Then, in March of 2006, Larijani publicly accepted a prior U.S. offer for talks just on Iraq. And a week later, Ayatollah Khamenei endorsed it publicly. And the Bush administration didn't take it up. They decided that was not the right time. They were preparing this offer that came in May. They didn't want to distract from that. They didn't want to upset the Iraqis. But they humiliated Larijani and Khamenei because they publicly said, "Yes, we will talk to the United States."
I mean, just weeks earlier, Khamenei had been saying that anyone who talks to the U.S. is a traitor, or agrees to talk to the U.S. is a traitor, and here he was publicly accepting talks on Iraq.
So I would argue that the Bush administration undermined Larijani from that point and that he was never as strong after as he had been early on when he came in as national security adviser. I think that was another opportunity lost.
I would agree that the administration -- Condi is doing her best, but she makes a fatal mistake over and over again. It's one that Madeleine Albright did, and Condi's made it even worse. She tries to distinguish between the Iranian government and the Iranian people. She's always pitching her overtures over the head of the Iranian government to the Iranian people.
When she announced that overture in 2006, May 2006, I asked her -- there was a press conference that she gave, and I asked her, "Are you giving legitimacy now to the Iranian government? Are you recognizing the Iranian government?" And she says, "No." She says, "What's being recognized here is the legitimacy of the negotiating process."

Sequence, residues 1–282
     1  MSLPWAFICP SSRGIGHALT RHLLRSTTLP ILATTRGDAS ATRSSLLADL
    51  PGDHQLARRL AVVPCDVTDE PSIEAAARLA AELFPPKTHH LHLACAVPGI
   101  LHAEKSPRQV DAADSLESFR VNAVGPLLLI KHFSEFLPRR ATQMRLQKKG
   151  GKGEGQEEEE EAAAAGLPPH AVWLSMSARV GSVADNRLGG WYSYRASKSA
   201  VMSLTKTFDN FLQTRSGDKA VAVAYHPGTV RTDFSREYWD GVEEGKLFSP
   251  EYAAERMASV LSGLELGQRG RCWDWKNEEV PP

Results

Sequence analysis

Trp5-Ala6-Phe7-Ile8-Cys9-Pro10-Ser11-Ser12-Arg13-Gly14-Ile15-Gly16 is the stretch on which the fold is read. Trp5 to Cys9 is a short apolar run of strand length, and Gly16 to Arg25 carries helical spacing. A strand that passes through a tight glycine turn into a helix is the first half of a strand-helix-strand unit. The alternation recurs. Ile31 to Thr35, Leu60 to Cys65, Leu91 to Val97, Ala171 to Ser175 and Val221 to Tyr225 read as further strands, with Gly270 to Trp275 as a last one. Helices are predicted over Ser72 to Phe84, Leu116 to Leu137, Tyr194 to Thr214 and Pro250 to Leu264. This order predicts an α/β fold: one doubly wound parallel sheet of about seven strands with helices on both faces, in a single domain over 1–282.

You know, and all this, you know, regime change rhetoric, which we continue to hear from Bush, we continue to hear from Dick Cheney -- just a week or so ago, you know, "Brave Iranians, rise up and overthrow your wretched regime." So I think as long as you have these mixed messages coming from the Bush administration, you're not going to get anywhere with Tehran.
MODERATOR: Before I bring the audience in, I want to close my questioning by asking you, Barbara, what is it -- one, two, three things -- that you want a reader to come out from your book? What is a few things that the reader would come out and say, "Okay, that's" --
SLAVIN: Iranians are human beings --
MODERATOR: That's a good start.
SLAVIN: -- (laughs) -- with a deep civilization and a fascinating history and many diverse views about the form of government they have now, including among those who are in the leadership and those certainly in the clerical establishment; many, many diverse views. Ahmadinejad does not represent Iran writ large.